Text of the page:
Indy 500 on ABC
Times columnist Tom Jones looks back at the best and worst from a weekend of televised sports.
ABC's coverage of Sunday's Indianapolis 500 was sensational.
It's mostly meat-and-potatoes stuff. In other words, ABC doesn't break out all kinds of fancy graphics and glitzy tricks. But what it does give you — extraordinary camera work, skilled direction, astute commentary and plenty of hustle by all the above — makes for a special broadcast.
ABC gets it. You already have one of the greatest sporting events in the world. Just get out of the way and let the viewer enjoy it without trying to drum up extra (and fake) drama with unnecessary bells and whistles.
Now that's not to say that ABC doesn't devote tons of resources. After all, it covers the race with 96 cameras, cameras in 12 of the cars, two super-slow motion cameras, four robotic cameras, a helicopter camera and visor cams, the first of its kind in a live broadcast.
But the network doesn't fall in love with those extras and still tells the story of the race by not overwhelming the viewer.
The finest moment Sunday was the coverage of the horrific crash involving Scott Dixon and Jay Howard. The replays of the crash were astounding. How both drivers, especially Dixon, walked away from the crash was nothing short of miraculous. Because both drivers were okay, ABC might the right call to show several replays of the crash, both to show just how safe these cars are and to show how incredibly dangerous this sport can be. (As if we didn't already know that.)
The broadcasters did a thorough job explaining what happened, and interviews with both drivers, a few minutes after the crash, had just the right tone. Dixon and Howard both talked about the human aspect (how fortunate they felt to walk away) and the driver aspect (what happened and how they felt about their day ending).
Meantime, the broadcast and, especially the broadcasters, let the final few dramatic moments play out as Takuma Sato held off three-time winner Helio Castroneves. Once again, less was more.
All in all, an outstanding job by ABC amid reports that the network might not bid on the Indy 500 contract after the current deal expires after next year. ABC has shown the race since 1965. It would just be wrong if ABC didn't carry the Indy 500.
Superb job by Fox for its coverage Saturday of the FA Cup between Arsenal and Chelsea at London's famed Wembley Stadium. The best part was the pregame, featuring a full minute of silence to remember the victims of the recent terrorist attack in Manchester. Prince William, who is the president of the FA (Football Association), laid a wreath on the field before kickoff, making the moment even more touching.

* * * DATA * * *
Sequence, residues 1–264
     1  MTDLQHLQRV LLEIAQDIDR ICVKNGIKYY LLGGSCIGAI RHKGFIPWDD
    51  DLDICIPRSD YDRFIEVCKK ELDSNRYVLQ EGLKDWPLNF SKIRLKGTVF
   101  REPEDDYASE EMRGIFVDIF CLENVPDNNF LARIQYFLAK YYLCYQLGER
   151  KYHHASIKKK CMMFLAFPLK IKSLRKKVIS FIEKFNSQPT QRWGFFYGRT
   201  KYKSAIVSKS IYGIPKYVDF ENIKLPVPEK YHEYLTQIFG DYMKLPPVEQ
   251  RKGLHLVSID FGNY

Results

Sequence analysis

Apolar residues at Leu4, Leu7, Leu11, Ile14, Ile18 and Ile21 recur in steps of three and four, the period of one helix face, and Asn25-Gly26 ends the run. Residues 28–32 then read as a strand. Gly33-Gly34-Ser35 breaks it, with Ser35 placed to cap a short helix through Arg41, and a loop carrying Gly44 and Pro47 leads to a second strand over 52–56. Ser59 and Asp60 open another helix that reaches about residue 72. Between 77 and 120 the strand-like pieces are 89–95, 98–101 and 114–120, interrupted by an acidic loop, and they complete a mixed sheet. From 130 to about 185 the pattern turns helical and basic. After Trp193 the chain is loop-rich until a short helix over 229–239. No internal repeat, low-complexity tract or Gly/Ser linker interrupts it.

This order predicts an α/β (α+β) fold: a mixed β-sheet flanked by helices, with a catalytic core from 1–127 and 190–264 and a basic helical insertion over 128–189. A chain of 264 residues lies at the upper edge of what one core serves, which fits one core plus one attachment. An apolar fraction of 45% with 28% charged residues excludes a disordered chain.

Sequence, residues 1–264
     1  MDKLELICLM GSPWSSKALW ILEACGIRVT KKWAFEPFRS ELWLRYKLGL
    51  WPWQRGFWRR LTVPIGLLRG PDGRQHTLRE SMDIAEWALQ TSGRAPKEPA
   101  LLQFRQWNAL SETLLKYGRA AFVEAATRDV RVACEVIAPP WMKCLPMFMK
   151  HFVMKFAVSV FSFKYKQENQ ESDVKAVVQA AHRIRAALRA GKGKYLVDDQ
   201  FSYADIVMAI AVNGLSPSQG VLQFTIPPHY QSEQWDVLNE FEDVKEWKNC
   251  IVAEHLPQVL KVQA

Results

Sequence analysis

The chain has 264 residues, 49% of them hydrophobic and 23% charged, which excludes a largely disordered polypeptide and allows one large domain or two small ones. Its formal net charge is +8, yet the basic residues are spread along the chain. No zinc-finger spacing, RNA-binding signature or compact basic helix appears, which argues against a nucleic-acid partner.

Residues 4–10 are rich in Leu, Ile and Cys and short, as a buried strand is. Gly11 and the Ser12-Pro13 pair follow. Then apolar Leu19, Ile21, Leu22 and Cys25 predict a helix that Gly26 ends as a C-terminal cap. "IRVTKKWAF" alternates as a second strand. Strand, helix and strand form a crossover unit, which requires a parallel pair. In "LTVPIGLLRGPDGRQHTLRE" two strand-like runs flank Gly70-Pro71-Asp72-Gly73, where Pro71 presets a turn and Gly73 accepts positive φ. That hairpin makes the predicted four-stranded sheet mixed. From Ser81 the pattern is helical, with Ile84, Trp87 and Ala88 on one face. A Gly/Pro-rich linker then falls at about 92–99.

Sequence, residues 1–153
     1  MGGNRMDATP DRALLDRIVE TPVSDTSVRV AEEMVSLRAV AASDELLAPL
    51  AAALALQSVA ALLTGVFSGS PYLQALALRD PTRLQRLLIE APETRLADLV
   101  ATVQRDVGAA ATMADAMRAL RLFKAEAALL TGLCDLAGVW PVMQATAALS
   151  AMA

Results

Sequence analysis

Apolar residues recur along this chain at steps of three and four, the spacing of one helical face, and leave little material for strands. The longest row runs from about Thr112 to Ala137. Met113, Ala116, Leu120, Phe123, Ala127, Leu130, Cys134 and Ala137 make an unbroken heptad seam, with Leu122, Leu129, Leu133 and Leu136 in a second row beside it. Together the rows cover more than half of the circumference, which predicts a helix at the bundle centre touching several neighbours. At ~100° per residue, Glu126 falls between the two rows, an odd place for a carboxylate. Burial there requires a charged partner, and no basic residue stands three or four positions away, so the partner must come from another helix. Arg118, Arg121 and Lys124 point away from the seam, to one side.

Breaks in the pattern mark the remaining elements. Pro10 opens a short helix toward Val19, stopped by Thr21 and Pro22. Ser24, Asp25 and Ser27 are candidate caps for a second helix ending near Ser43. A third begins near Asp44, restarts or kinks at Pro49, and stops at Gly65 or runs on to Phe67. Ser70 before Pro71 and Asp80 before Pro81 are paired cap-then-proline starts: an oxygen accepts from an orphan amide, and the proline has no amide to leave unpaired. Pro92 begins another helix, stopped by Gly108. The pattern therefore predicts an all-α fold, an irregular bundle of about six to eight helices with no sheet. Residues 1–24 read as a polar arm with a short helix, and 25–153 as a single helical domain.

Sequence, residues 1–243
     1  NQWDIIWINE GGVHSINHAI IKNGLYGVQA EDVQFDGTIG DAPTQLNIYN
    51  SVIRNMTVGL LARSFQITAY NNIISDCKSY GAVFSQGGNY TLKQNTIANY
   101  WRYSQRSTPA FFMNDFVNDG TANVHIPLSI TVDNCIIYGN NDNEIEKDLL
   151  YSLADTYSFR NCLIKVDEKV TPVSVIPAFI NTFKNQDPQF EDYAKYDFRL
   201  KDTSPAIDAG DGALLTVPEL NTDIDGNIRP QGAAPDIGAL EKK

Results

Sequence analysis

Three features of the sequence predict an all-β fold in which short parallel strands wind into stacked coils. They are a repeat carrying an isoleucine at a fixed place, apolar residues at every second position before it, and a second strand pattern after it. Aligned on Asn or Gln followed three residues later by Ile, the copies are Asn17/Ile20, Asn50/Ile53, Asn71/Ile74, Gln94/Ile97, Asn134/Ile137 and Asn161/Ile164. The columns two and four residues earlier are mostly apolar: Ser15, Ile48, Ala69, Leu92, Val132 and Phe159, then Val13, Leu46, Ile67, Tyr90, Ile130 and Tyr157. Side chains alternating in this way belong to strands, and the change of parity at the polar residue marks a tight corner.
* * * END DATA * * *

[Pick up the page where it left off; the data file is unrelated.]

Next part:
One of the E:60 features Sunday morning was on Nashville defenseman P.K. Subban. Jeremy Schaap's feature did an excellent job showing Subban's controversial trade out of Montreal, his battle against racial bigotry and his outgoing personality. I have to tell you, if you don't like Subban, there could be something wrong with you.
I continue to be outright flabbergasted that networks are falling all over themselves to do business with Alex Rodriguez. He already is on Fox, and now ABC, according to the New York Post, is talking to him about doing regular work for Good Morning America and maybe even Nightline. Guess it really does pay to cheat.
Prediction: ESPN did itself right signing Chip Kelly to talk football. The former University of Oregon, Eagles and 49ers coach mostly will talk college football on ESPN2, but will do a little NFL for SportsCenter. Another prediction: This will be a one-year gig because someone (likely a college program) will woo him back to coaching.
Apparently, the divorce of Mike & Mike is not amicable. The radio show will end this year after 19 years on the air. Mike Golic will continue to do a morning radio show with Trey Wingo, but Mike Greenberg is moving on to host his own morning show on ESPN. Sports Illustrated media writer Richard Deitsch reports that sources told him the two rarely speak to one another except on the air. One unnamed ESPN staffer told Deitsch that the atmosphere had become very poisonous.
Sports Business Journal held its 10 annual Sports Business Awards. Among the winners: Cubs chair Tom Ricketts (executive of the year), the Indy 500 (best event), Major League Baseball (best league), the Cubs (best team), and Clemson's Dan Radakovich (best athletic director). The winners were selected by a panel of 16 judges from the sports business world.
Here's what's wrong with baseball. On Saturday, the Yankees beat the A's by the low-total score of 3-2. The teams combined for only nine hits. And the game still took 3 hours and 14 minutes to play. Ridiculous.
So let me get this straight. Serena Williams isn't playing in the French Open because she's pregnant and, on Sunday, Angelique Kerber became the first ever women's No. 1 seed to get knocked out of the tournament on the first day. Yikes. Not exactly the ideal scenario for NBC. But, still the network's coverage is worth watching if for no other reason than listening to analysts John McEnroe and Mary Carillo. Those two could call a couple of weekend hackers at a local park and I'd listen.